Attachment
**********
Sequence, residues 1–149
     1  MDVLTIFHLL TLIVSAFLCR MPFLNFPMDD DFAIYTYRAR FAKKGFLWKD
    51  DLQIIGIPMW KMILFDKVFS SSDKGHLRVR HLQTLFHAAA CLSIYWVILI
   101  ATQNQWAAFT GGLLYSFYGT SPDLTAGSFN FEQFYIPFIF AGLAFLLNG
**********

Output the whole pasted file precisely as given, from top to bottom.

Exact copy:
Sequence, residues 1–149
     1  MDVLTIFHLL TLIVSAFLCR MPFLNFPMDD DFAIYTYRAR FAKKGFLWKD
    51  DLQIIGIPMW KMILFDKVFS SSDKGHLRVR HLQTLFHAAA CLSIYWVILI
   101  ATQNQWAAFT GGLLYSFYGT SPDLTAGSFN FEQFYIPFIF AGLAFLLNG